A Puppet module might only be some 500 lines of code and a bunch of tests, but that doesn't mean it's effortless to maintain. Puppet modules should run on a range of operating systems and support a range of Puppet versions (and hence, Ruby versions)—and that in and of itself makes it quite challenging.
So while a single person could easily write a Puppet module, what happens when that person gets sick? Changes jobs? Or simply loses interest?
Three years ago, we were in a situation where many "standard" modules were practically unmaintained for reasons like these. Dissatisfied with the status quo in Puppet Land, and being old-school open source rebel queers, Daenney and I launched Vox Pupuli to give more weight to the community of Puppet, an open source project led by a single company.
Buying a domain and slapping a few words on a gh-pages site made it official. And then, for some time, nothing of note happened. For a long time, we feared that our community would become a graveyard for abandoned projects.
When Vox Pupuli started, there were three main issues we wanted to address:
- Give more voice to the community
- Create an adoption center for puppet-related projects
- Adopt new puppet features faster than Puppet could
We had a simple idea: When modules go unmaintained, we offer to adopt the module and give merge access to anyone who contributes.
A number of things started happening once we started actively promoting this. Today, we have 78 modules published on the forge and 90+ contributors with merge access.
How we've evolved
In the beginning, we adopted a lot of our style and guidelines from Puppet. We also adopted many of their unsupported modules. As the number of our contributors surpassed Puppet's Modules team, Puppet started looking (or often, pointing) towards us for new community guidelines.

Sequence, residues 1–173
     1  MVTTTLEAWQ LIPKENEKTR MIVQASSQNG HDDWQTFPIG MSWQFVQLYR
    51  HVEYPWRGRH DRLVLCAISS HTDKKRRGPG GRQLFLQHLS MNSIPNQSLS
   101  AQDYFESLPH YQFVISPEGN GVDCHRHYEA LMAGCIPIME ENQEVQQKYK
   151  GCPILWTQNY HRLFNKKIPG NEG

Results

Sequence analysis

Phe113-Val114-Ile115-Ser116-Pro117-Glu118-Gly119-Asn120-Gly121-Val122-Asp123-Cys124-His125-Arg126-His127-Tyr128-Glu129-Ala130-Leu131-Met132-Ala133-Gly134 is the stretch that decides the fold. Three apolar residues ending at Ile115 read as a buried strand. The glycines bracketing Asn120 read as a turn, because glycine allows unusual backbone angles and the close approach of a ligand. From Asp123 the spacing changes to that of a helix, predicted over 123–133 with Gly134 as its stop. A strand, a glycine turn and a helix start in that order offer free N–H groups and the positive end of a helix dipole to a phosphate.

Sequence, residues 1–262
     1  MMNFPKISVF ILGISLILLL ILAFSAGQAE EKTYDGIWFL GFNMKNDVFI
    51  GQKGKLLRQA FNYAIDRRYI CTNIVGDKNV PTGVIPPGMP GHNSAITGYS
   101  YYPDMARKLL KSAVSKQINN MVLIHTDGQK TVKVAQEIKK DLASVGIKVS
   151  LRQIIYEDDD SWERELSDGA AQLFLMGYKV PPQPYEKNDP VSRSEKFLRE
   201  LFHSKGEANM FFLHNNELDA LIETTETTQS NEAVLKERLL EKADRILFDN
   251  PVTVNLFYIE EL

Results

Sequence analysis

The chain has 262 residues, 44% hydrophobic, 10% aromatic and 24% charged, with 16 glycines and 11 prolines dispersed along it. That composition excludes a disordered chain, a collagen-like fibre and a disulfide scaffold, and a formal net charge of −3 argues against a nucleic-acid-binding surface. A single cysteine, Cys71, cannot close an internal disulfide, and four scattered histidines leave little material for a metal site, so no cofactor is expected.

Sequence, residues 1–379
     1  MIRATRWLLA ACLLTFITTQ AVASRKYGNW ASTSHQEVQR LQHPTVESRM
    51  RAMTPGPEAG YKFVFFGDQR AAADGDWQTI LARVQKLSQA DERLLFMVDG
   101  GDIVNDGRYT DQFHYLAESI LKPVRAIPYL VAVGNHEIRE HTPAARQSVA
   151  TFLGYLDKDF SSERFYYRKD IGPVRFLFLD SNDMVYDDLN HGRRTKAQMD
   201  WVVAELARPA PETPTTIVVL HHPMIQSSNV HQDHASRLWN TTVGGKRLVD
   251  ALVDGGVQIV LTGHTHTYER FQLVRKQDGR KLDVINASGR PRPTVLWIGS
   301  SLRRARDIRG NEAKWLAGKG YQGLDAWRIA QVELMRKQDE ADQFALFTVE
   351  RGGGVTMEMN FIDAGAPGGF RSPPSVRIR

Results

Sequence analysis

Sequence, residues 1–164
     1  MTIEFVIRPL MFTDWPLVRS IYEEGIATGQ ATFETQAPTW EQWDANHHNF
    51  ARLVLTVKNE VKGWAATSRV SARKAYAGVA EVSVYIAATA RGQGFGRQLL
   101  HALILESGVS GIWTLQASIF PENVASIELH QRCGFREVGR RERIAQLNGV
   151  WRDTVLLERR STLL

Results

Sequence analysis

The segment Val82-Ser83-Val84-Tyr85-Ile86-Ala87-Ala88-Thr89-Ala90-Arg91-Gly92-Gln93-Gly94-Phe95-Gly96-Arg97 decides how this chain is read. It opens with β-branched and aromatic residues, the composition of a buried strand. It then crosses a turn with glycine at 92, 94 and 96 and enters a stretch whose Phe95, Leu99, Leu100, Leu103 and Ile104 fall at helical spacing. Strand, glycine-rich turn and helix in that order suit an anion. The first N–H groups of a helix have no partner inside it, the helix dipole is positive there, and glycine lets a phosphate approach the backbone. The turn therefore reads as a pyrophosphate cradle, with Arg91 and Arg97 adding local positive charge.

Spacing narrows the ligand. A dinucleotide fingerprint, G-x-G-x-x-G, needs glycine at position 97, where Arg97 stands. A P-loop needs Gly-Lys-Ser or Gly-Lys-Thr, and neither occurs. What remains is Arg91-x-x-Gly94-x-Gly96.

Our IRC channel became a seemingly more approachable replacement for #puppet-dev—despite the enormous overlap of users. I point this out because Puppet's community is famously friendly. This is something we inherited without any effort of our own, and we've worked hard to keep it that way.
We've driven automation and embraced openness. And we're still looking into pushing that further: Recently our contributor expansion has stalled, so our next goal will be to automatically invite anyone who contributed a successfully merged pull request.
Even our (actually, Puppet's) competition has recognized the usefulness of our approaches and has started adopting it for its community. And, most recently, we've been accepted as part of the Software Freedom Conservancy. For me, the community's greatest milestone was to see it outgrow its founders: Neither of us is on the steering committee. Daenney even transcended beyond Puppet.
How to create your own project community
Now that you see how great a community of practice can be, it's time to see how you can make your own!
- Think of a good name
- Define your scope
- Adopt and enforce a strong code of conduct
- Reach out to (struggling) maintainers
- Promote your project
- Invite people who are willing to help
- Help the ones who need a hand
If this is too rough a guide, you can always copy how others have done it: